Monday, December 6, 2010

I'd Love To Turn You On: At the Movies #2 - Microcosmos

Microcosmos (1996, dir. Claude Nuridsany/Marie Pérennou)

Microcosmos is a very hard movie to really explain to people.  Well, you can explain what happens in it, but that's not the same as explaining it.  Like many films, Microcosmos features struggle, conflict, violence, death and an extended (and rather sloppy) sex scene.  Unlike most such films, this one is rated G.  And unlike most such films, nobody is acting.
Microcosmos took three years to create (between designing the cameras and filming all the footage). The filmmakers take you down into the grass, into the world of insects.  And then...they leave you there.  With nearly no voice-over and not much music, you're simply allowed to watch as insects go about their daily lives.  You spend a few seconds with some insects, and several minutes with others. The insects scavenge for food.  They eat.  They attempt to avoid getting eaten.  They search for mates. They procreate.  They sleep.  And a few of them die.  
As I said, this explains what happens in the movie, but it doesn't explain the movie itself.  As somebody once wisely proclaimed, "it's not what it's about - it's how it's about what it's about that matters".  And directors Claude Nuridsany and Marie Perennou really did something remarkable here.  This might have been just another (rather interesting) documentary, but it's not a documentary at all.  The filmmakers in fact took a bit of grief when this film was first released.  Apparently several of the scenes were "staged" - the settings were provided, the insects placed into them, and the cameras rolled.  But that just means that Microcosmos isn't a documentary in the traditional sense.  It might have been, if the camera had moved back more, if they had hired a stern-voiced British actor to explain what we were seeing at all times. But that's not how most movies work.  We rarely have any need for a narrator explaining what movie characters are doing, and why they're doing it - the movie trusts us to figure that out by watching the characters interact.  And this is what the directors have done - they bring us in close, and they simply let us watch what's going on.  Sometimes, it isn't exactly clear what we're seeing, or the insects' motivation for doing what they're doing.  But in a sense, that's part of the appeal.  What ARE those two ants doing?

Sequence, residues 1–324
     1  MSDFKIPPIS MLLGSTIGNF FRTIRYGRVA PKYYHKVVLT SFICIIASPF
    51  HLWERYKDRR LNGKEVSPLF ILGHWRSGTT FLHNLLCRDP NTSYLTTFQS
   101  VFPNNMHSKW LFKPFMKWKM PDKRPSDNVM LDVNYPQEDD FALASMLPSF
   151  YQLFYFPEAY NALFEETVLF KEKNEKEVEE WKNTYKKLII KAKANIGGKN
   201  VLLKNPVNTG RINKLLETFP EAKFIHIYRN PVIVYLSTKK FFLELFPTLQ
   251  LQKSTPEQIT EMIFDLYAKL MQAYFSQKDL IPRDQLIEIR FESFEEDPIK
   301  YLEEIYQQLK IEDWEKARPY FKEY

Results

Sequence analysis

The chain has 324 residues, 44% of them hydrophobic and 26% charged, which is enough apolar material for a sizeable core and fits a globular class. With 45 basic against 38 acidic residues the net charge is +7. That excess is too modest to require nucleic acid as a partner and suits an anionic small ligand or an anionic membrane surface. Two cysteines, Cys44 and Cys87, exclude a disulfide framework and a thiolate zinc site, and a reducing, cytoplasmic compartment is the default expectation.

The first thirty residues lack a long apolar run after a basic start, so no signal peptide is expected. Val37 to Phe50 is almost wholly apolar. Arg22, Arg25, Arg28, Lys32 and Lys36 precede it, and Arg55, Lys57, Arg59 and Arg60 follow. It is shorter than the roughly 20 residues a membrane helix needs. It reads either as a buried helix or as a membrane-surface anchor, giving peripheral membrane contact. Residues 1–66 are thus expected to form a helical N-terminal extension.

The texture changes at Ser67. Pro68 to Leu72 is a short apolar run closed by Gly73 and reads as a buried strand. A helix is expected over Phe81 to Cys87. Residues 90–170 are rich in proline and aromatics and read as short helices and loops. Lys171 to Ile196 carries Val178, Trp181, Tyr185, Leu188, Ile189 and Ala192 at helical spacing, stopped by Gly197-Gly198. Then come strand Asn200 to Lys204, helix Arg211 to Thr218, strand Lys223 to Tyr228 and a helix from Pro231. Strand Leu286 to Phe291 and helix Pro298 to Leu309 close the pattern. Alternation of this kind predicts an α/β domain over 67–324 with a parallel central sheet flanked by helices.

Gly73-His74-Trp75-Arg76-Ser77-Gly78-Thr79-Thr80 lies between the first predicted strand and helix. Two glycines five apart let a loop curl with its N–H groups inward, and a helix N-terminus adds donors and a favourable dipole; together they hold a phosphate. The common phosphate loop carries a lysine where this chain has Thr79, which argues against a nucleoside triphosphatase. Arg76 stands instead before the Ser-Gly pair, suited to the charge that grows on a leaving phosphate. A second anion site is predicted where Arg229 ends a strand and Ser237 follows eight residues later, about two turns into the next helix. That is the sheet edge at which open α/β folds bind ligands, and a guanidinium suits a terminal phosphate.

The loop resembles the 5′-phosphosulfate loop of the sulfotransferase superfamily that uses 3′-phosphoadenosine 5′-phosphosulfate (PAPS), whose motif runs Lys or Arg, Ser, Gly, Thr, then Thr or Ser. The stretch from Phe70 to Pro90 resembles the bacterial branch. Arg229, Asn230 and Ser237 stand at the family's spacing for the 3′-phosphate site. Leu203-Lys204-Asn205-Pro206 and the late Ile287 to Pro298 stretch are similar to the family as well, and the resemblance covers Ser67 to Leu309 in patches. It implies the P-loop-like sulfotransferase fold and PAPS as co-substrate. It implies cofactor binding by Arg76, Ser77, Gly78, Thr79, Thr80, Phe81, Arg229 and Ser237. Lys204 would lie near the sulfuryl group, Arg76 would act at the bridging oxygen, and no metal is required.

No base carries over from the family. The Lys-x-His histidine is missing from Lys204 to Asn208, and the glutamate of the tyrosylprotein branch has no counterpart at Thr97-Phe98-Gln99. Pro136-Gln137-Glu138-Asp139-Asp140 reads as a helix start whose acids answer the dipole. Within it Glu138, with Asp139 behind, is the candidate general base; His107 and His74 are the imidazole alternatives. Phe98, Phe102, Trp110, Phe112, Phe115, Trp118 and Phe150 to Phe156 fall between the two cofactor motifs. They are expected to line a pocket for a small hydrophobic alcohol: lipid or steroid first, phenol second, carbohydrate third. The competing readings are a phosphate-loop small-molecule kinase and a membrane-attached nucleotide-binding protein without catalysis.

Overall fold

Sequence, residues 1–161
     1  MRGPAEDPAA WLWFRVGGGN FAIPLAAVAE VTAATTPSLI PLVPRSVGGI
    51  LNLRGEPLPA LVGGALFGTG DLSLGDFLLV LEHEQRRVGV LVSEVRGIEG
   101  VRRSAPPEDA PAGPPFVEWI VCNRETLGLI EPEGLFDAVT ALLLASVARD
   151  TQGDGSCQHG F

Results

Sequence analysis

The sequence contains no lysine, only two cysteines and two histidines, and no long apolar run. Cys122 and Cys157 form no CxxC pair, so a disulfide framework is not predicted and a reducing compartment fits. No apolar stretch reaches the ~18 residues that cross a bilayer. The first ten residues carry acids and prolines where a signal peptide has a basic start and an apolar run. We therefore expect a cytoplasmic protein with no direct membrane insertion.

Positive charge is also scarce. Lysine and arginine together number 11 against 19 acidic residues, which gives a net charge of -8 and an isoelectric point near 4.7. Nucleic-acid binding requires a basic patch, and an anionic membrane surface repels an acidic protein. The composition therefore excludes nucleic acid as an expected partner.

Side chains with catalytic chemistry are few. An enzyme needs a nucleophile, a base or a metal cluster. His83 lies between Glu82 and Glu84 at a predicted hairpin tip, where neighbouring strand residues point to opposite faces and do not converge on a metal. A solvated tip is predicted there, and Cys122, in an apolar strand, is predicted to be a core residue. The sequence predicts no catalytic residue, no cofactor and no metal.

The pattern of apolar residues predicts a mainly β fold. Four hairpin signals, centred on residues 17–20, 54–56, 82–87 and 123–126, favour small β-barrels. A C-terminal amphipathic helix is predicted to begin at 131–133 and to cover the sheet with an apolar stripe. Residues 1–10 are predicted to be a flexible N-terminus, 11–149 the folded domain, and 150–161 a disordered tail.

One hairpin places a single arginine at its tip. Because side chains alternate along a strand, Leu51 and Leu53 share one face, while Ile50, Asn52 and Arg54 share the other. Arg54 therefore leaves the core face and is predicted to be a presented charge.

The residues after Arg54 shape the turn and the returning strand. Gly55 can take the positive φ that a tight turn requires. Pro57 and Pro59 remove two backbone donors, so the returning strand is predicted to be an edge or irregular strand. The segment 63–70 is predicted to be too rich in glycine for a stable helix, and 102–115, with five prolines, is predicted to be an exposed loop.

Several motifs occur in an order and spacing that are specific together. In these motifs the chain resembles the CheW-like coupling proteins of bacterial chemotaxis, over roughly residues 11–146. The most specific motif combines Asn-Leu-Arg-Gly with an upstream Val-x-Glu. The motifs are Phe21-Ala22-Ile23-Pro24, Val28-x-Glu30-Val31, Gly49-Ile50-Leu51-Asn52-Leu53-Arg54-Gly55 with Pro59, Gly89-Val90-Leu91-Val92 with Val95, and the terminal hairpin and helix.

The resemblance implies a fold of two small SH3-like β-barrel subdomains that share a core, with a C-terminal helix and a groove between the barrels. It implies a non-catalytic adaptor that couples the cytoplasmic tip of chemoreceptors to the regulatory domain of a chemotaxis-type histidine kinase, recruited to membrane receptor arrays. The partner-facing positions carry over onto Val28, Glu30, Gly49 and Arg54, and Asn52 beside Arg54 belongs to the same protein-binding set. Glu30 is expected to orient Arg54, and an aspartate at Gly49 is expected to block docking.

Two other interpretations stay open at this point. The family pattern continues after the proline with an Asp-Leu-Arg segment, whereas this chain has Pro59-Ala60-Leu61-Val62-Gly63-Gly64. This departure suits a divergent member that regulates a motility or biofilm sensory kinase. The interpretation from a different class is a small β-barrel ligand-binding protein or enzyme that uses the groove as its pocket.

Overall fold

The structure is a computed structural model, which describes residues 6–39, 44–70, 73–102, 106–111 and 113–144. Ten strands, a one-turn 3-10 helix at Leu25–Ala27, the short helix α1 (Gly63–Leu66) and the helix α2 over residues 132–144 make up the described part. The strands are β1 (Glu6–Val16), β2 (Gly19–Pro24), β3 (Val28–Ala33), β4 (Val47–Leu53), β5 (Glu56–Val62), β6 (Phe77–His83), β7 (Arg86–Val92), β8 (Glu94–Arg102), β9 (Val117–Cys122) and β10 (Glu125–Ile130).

...and who would have thought I would ever want to know the answer to such a question?
As you can well imagine, this isn't a typical film to watch.  I'm not sure it's something you'll want to invite the whole family or a bunch of friends over to experience.  But "experience" seems to be the right word.  I never felt like cheering or crying or laughing while watching this film.  But that might be because I was so wrapped up in it.
- Alf

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